It was with great relief, after all the perceived problems of a show at Vincent Square on London Marathon Day, that I stood on the steps in the Lindley Hall and admired a great spread of colour: not just the show bench exhibits but additionally the rainbow effect created by the tremendous Artistic Sections, both competitive and non-competitive, and further enhanced by a carefully thought-out and grouped, massed bank of alpine plants staged by staff from RHS Wisley. This was quite rightly awarded a Gold Medal, while a Large Gold went to Jon Evans’ very informative display of close-up pictures of alpine and woodland plants, an object lesson in this branch of photography. To add to the overall effect, one of the nursery stands (Jacques Amand International) managed to stage an eye-catching display of red and yellow Crown Imperial fritillarias.
The plant show, admittedly to a slight degree diminished in numbers due to illness on the part of three major competitors, nevertheless contained many plants of superb quality. There was little problem in finding a Farrer Medal plant (four plants were on the shortlist). Tim Lever’s great golden dome of Sebaea thomasii, meticulously dead-headed shortly before judging commenced, absolutely glowed with good health. Looking at it reminded me of Kath Dryden’s dictum – she always said she could pick out the Farrer plant as it was carried in to the show! This Drakensberg gentian relative has been written up time and again previously, so I’ll not go in to further detail.
Also covered in flower was an unusually compact, grey-green foliaged mat of southern Greek Asperula arcadiensis, its delicate fairy pinkness almost the antithesis of the robust aforementioned Farrer plant. Housed in a shallow pan, it demonstrated that there are other means of keeping it in character other than planting it in a tufa crevice. Martin and Anna-Liisa Sheader also exhibited a very striking, bluish-purple legume rejoicing in the name of Oxytropis hailorensis subsp. chawrensis [below].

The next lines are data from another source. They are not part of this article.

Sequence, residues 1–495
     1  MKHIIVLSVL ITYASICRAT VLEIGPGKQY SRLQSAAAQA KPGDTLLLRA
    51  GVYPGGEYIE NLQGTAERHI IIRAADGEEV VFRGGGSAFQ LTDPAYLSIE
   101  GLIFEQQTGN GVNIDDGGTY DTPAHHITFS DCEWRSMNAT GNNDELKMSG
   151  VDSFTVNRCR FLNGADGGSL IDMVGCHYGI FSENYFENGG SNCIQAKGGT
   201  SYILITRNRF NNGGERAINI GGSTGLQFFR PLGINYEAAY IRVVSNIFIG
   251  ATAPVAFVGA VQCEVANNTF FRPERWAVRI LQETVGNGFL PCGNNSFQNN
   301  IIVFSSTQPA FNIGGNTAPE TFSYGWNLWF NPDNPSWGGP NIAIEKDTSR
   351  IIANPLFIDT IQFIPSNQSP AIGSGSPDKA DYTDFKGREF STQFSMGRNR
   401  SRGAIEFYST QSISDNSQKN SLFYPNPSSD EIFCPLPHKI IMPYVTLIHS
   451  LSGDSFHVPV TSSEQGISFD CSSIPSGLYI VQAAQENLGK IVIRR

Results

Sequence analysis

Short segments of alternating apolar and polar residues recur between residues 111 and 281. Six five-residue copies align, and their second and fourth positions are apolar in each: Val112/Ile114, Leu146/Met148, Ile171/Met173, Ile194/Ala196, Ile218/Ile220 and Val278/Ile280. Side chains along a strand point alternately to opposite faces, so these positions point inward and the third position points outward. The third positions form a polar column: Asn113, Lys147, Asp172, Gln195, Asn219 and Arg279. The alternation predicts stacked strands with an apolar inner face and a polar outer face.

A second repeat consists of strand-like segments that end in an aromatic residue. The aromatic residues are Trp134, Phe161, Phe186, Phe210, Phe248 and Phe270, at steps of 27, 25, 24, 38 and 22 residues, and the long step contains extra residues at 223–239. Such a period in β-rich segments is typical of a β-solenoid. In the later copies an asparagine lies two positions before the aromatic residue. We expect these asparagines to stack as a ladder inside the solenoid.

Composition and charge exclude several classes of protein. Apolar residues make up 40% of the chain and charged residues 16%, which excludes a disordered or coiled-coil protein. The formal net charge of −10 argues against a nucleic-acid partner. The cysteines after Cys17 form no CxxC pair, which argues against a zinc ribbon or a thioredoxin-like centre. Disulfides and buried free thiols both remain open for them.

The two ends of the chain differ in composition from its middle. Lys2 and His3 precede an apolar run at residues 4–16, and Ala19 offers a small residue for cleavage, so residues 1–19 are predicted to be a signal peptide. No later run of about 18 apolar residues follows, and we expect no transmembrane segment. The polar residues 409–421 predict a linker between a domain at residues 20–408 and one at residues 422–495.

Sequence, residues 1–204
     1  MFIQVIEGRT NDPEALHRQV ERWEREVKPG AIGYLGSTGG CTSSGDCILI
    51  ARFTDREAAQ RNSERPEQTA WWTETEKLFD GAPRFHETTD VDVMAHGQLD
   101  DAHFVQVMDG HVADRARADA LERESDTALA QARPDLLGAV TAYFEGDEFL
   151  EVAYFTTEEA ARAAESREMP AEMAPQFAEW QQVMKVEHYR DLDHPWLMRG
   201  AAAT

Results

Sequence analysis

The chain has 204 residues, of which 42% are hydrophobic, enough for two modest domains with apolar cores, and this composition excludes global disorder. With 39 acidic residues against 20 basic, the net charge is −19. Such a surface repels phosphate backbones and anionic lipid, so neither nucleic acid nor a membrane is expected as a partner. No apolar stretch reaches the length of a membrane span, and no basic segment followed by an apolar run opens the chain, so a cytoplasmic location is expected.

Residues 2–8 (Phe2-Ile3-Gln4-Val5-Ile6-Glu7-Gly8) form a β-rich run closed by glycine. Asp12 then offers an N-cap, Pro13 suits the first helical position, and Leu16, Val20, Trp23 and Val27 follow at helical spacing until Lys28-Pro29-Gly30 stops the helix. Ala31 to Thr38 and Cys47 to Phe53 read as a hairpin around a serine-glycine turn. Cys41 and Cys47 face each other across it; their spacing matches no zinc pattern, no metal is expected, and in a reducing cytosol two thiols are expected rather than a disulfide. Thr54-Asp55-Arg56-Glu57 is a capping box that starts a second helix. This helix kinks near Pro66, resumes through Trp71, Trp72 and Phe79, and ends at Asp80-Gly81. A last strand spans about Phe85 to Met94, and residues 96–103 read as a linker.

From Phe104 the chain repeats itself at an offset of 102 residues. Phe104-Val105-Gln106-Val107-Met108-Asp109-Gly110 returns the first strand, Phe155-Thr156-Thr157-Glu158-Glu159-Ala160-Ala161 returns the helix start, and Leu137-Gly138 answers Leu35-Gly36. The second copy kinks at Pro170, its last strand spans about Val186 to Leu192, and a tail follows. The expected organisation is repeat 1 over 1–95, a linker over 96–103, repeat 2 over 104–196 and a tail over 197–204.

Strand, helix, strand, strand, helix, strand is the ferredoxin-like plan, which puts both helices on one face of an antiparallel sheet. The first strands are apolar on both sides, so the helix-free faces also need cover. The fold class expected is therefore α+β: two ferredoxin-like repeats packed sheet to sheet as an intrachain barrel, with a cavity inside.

This grows in Siberia on the Russian/Chinese Siberian, restricted to sandy soils in a small area around Lake Khanka. This is at a deceptively low altitude of 70m, where it experiences summer temperatures of at most 21°C with winter temperatures as low as -19°C, so to be able to cultivate this plant, let alone bring it to exhibition standard, is some achievement. Originally raised from seed 20 years ago, its descendants respond well to a well-drained compost, kept dryish in winter. It sounds so simple!
A remarkable pan of Fritillaria assyriaca subsp. melananthera shown by Peter Furneaux of Hatfield won admiring glances, not necessarily for its outstanding beauty but for the evenness of the flower spikes and their abundance. As expected of this taxon, the flowers dangled elegantly from their pedicels with narrow tepals, their exteriors striped greenish and blackish, overlaid by a soft bloom. Coming from a Mediterranean type climate in southern Turkey, this will require considerable care with regard to its watering, and most certainly a dry summer dormancy.
A rather easier plant to satisfy is the damp-loving Jersey Orchid, Anacamptis laxiflora, happy if supplied with a considerable amount of water when in growth. It comes from a much wider geographical range than the previously mentioned plants and, therefore, should be much easier to grow, preferring wet grassland and meadows throughout central and south-eastern Europe and even the Middle East. The elegant spikes of rich deep purple stood out on the show bench, but then the exhibitor, Barry Tattersall, is an acknowledged expert when it comes to growing hardy and more or less hardy Orchidaceae, whether from Europe, North America, China or even South Africa.
Equally expert, in a different field, are Paul and Gill Ranson, who contributed many and varied exhibits of Dionysia species and hybrids. Their eye-catching pan of Dionysia involucrata ‘Gothenburg White’, was a superb specimen of an avowedly challenging plant, recipient of a Certificate of Merit.
In her enforced absence through illness, onetime London Show Secretary and long-time supporter of Joy Bishop was awarded a Certificate for a fine plant of Primula ellisiae – a New Mexico species introduced to cultivation a century ago, and quite frequently seen on AGS Show benches some 20 years ago when seed collections were fairly frequent. This is a comment that indicates the age of both the exhibitor and the reporter! These days less common plant on the show bench, Joy presented it in immaculate form. She says that it is comparatively easy to grow. I rest my case.
Author: Mary Randall
Photographer: Doug Joyce